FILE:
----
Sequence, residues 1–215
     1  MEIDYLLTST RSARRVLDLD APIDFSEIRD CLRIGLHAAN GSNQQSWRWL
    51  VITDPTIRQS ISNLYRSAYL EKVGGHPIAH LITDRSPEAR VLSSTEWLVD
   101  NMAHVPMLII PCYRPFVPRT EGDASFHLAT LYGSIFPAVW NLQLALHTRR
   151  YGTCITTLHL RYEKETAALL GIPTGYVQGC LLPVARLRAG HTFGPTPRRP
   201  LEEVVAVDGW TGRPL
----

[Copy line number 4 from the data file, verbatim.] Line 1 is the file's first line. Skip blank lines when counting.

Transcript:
   101  NMAHVPMLII PCYRPFVPRT EGDASFHLAT LYGSIFPAVW NLQLALHTRR